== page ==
Senate Resolution

Below is the following:

An ASUCD Senate Resolution to stand in solidarity with the Dalit, Bahujan, and Adivasi students, staff, and faculty in the University of California, Davis and the rest of the world, to recognize the 2,500 years and counting of oppression and violence due to caste apartheid towards marginalized South Asian Communities.

Click on this link and comment below any suggestions you may have on this resolution!

Black Lives Matter Sacramento Protest

Chants of “Black Lives Matter” and “George Floyd” rang out across Sacramento yesterday as hundreds of people peacefully protested in solidarity with the protesters in Minneapolis. Our Photography Editor, Maayez Imam, captured these photos showing how the protest unfolded.

If you want to help out, consider donating to the National Bail Out Fund, the Minnesota Freedom Fund, and Black Lives Matter.

You can also text “FLOYD” to 55156 or text “JUSTICE” to 668366

Photography by Maayez Imam

Cowtown or Browntown

By Sona Bhargava

Without all my brown friends at college, one might mistake me for a human hermit. Almost every organization or club I’ve joined, and almost every friend I’ve made shares my cultural ties (cough, cough Other Collective). This is interesting, considering my culture did not influence my upbringing in the same manner that it is affecting my college life.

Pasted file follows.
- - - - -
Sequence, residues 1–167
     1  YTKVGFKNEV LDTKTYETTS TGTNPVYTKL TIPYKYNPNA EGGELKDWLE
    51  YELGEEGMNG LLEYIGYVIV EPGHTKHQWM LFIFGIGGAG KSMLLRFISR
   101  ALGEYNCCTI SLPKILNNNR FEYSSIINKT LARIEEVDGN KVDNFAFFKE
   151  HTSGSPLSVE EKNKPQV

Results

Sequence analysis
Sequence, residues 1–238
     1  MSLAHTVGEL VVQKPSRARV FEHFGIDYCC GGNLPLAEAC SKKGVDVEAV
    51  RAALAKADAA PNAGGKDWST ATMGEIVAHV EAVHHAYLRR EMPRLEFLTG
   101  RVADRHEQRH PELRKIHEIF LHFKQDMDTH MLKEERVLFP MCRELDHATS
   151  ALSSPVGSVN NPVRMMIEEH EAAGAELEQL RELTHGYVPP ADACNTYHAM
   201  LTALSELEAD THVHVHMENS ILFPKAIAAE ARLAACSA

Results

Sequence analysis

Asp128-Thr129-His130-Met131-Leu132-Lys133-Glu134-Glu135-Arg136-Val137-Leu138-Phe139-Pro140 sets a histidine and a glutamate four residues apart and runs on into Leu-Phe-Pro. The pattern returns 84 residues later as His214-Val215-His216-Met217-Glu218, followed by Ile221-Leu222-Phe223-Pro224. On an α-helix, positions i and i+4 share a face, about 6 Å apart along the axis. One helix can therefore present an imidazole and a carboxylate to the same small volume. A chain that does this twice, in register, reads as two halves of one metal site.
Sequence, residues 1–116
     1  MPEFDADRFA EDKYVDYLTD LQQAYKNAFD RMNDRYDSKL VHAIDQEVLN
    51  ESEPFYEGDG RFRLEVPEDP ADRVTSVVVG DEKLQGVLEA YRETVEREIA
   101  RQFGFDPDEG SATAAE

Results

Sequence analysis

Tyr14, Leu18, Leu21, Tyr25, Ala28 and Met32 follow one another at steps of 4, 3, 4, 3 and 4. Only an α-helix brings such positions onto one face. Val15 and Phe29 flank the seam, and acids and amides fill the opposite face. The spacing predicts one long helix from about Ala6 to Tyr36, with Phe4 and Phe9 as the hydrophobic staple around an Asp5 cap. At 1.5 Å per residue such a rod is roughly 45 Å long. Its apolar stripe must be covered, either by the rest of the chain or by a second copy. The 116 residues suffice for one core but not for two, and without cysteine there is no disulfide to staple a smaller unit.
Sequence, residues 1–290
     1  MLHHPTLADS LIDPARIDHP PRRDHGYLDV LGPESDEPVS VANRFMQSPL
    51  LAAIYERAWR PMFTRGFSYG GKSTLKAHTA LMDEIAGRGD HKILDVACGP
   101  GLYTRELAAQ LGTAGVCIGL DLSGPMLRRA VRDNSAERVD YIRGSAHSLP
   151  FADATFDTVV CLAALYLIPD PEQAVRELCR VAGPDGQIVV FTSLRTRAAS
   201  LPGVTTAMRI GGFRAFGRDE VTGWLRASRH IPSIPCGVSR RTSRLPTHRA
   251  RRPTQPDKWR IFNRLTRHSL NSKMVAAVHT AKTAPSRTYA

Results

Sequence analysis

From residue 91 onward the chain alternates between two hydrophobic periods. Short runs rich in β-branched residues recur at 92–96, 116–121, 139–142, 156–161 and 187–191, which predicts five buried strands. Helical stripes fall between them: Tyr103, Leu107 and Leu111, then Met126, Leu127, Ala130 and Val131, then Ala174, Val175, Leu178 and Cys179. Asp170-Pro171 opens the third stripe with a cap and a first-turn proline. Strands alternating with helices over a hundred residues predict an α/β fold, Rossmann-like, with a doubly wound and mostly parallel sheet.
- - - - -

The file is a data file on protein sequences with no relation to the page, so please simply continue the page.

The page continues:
Growing up, my parents implemented cultural values and rituals into my everyday life. Every morning my brother and I would sit in the corner of my parents’ bedroom, and pray to a shrine to both thank God for our blessings, and pray for safety and good health among other things. But my “brown identity” was not an essential part of my life. Living in a predominantly white suburb of Los Angeles, I did have brown friends, but the majority of my friends were of other ethnicities. Growing up, I had a friend group of five girls; Filipino, Irish, Mexican, Argentinian, and me, Indian. Due to our diverse backgrounds, the activities we participated in were not culturally connected. We watched movies, ate food, and got  together to indulge in pastimes that did not associate with culture. We simply partook in these cultural undertakings on our own times with our families.